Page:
The last moan

"I don't know why she thinks she's so special. "
“I don’t know why she thinks she’s so special. “

In my last post, I wrote about how some writers annoy me with their tendency to speak only about themselves. This, unfortunately, isn’t the only thing that annoys me about some writers I have met. I promise that this will be my last moan, whine and act of bad-mouthing other writers. Well, for this year at least. You see, the other gripe I have about some writers is their inability to be nice about other writers. They clearly weren’t listening when their mothers told them, “If you have nothing nice to say about someone then say nothing at all.” Probably too busy talking about themselves to hear Dear Old Mum.

This inability to be nice seems to manifest itself in two ways. Firstly, in the inability to admit that they might even, just a tiny bit, like another writer’s work.   I’ll see a play or listen to a piece read at an Open Mic night and express my admiration of it and all I’ll hear in reply is, “It was alright.” To start with, I thought this was just me. That, perhaps, my tastes were a little different to everyone elses’. I mean, when you hear “It was alright” a dozen or so times, you do start to wonder. However, I soon saw the real way of things when I went to see a play and sat next to someone who was laughing along heartily with me (luckily, it was a comedy) and then afterwards said, “It was alright.” It’s almost as if these people feel that by liking someone elses’ work it takes away from what they do. I don’t understand that at all. If you like something, say so. It’s good to like. It puts a smile on your face instead of making you look like a bulldog chewing a wasp.

The second way the inability to be nice raises its head is in the inability to be pleased for other writers’ successes. I recently had to sit behind two older male writers (who I didn’t know) who were talking about a third male writer (who I also didn’t know). Now, what they were saying was really none of my business but we were all crammed so tightly into an Open Mic night that it was impossible for me not to hear them.  Also, I like listening to other people’s conversations as they are usually much more interesting than mine. On this occasion, however, I wish I hadn’t bothered. All these two writers did was bad mouth this poor third chap in a nasty, snide, passive-aggressive way. It would have been better if they had just been honest and said, “I’m so bloody jealous that John (not his real name, or it might have been as I didn’t catch it) has got his book published. It should have been me!” But they didn’t. Instead they said things like, “Well, it isn’t very original” and “I won’t be reading it as I only read things I like”, which begs the question, “How the hell do you know it’s not very original then?” I would have liked to have said this and much else besides but, unfortunately, I couldn’t. This is the downside to listening into other people’s conversations.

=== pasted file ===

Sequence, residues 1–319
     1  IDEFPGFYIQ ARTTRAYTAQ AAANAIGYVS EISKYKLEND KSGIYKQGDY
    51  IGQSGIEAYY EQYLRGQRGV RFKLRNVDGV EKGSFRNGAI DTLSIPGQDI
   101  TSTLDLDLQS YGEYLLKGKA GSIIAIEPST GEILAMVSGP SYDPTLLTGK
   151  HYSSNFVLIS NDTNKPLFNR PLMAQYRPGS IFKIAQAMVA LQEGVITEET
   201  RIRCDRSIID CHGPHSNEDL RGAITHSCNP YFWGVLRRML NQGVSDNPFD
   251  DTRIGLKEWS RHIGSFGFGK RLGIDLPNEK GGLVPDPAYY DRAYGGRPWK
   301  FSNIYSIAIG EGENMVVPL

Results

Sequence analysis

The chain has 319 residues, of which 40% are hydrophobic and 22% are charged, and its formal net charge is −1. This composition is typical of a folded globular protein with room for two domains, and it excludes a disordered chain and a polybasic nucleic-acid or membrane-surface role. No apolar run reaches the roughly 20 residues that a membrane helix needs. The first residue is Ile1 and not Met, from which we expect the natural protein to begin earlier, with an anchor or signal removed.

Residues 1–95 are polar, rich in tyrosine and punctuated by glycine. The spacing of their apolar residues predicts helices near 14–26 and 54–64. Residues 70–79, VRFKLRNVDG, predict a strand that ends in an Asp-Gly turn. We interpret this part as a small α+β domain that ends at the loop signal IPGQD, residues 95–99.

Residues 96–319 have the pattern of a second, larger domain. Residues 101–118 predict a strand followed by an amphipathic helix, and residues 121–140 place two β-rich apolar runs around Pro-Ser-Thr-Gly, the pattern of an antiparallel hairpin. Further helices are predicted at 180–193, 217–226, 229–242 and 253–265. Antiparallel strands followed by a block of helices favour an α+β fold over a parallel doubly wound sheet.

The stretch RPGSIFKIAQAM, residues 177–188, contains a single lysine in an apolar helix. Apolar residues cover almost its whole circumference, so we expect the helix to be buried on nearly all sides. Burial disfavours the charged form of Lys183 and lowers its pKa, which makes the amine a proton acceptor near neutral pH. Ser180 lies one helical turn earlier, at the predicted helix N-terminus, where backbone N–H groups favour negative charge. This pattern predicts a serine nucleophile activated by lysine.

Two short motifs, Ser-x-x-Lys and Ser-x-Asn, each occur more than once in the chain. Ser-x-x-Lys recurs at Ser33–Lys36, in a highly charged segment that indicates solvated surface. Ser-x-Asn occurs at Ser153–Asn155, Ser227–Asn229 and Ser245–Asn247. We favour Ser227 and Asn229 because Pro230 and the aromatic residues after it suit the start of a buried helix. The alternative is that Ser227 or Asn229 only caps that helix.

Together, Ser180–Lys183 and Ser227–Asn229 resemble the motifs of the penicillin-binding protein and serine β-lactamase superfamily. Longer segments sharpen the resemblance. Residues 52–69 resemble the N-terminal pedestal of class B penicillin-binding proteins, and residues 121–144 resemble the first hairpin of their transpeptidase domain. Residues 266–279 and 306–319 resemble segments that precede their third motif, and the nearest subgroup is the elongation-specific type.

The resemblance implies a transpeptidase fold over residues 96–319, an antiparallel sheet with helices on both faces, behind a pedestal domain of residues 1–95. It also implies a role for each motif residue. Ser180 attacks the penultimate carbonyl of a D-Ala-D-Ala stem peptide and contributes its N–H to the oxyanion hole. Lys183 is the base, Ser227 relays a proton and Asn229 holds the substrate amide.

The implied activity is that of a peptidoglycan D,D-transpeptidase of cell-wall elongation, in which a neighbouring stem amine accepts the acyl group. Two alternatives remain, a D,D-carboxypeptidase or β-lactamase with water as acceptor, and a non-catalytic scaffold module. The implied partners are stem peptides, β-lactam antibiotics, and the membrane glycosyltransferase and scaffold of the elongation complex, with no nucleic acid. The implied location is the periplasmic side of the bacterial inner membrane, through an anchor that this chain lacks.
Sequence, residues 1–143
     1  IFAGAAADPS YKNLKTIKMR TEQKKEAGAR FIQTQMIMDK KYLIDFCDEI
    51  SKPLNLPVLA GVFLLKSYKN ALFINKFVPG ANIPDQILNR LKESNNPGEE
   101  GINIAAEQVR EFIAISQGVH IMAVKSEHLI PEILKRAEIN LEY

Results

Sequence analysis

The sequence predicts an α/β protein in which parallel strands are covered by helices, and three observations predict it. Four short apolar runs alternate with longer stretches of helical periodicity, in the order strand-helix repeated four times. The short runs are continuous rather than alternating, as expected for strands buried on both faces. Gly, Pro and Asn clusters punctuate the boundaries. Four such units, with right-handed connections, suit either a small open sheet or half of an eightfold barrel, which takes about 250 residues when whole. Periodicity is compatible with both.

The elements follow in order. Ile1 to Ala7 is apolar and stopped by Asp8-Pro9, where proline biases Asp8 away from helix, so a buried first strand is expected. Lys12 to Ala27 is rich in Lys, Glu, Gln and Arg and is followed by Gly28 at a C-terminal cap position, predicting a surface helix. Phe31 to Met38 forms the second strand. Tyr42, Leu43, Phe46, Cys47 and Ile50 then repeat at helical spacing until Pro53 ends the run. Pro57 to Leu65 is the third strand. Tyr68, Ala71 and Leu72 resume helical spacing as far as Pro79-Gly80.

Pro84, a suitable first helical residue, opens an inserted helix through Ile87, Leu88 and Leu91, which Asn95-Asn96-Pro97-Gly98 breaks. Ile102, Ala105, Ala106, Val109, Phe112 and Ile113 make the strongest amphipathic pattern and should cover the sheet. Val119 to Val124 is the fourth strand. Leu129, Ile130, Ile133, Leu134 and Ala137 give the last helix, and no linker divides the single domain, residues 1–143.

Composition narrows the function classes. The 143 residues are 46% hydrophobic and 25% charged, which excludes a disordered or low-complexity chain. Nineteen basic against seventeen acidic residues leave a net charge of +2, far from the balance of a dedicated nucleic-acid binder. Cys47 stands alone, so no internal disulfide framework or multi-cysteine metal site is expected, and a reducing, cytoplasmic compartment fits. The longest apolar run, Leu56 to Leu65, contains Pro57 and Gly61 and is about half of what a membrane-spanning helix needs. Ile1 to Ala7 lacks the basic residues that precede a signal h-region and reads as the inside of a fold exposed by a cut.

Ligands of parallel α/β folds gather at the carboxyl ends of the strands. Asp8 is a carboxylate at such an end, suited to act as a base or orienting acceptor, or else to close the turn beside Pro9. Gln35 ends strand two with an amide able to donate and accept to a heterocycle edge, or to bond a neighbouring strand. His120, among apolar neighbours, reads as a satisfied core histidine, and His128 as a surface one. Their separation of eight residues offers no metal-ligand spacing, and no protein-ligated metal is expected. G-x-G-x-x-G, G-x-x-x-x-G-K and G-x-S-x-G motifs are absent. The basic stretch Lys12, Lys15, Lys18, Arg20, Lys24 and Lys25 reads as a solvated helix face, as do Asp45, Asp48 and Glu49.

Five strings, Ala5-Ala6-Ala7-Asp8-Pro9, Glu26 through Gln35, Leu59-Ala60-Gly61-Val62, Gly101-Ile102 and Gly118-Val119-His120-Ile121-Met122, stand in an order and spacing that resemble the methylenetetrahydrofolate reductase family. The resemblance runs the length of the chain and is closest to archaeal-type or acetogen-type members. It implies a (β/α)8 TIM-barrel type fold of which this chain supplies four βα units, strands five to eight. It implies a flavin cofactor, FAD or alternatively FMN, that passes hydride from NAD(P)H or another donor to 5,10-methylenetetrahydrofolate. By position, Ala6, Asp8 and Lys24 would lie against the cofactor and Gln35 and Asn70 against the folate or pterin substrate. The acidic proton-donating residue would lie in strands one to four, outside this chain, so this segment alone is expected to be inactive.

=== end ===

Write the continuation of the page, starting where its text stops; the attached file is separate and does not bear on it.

Use your ears, not your mouth!

Stop talking!
Stop talking!

I have a confession to make. Many of you may not like it but it’s something I have to say. It’s something I have to get off my chest. Ok, are you ready? I don’t always like other writers. Perhaps I should be more clear. I know and have met quite a lot of writers over the past year. For the most part, I do like them. It’s just when they start talking about their work that my hackles go up and my tolerance levels go down.

You see, many of the writers I have met wax lyrical about their word-craft as if they are the only person in the world who picks up a pen and creates something. They talk at great length about themselves and their achievements. They talk over one another without listening at all to what any other person is saying. They are not interested at all in what anyone else is saying. If it’s not about them, it is meaningless.

I gave up trying to have a conversation with these writers a long time ago. What’s the point?To participate, I’d have to do what they do and that’s not me at all.  I don’t like to talk about my own achievements (small as they are) as I feel uncomfortable blowing my own trumpet. Nobody likes a big-head. And they are not having a conversation anyway. A conversation is where you ask questions and listen to the answers in order to find out more about people and the world at large. Which leads onto another question. How can you be a writer if you don’t listen and observe?

One of these writers recently said to me, “I feel I have a lot to say.” Well, don’t we all? Everyone has something to say. And these writers would know this if they just stopped talking and listened.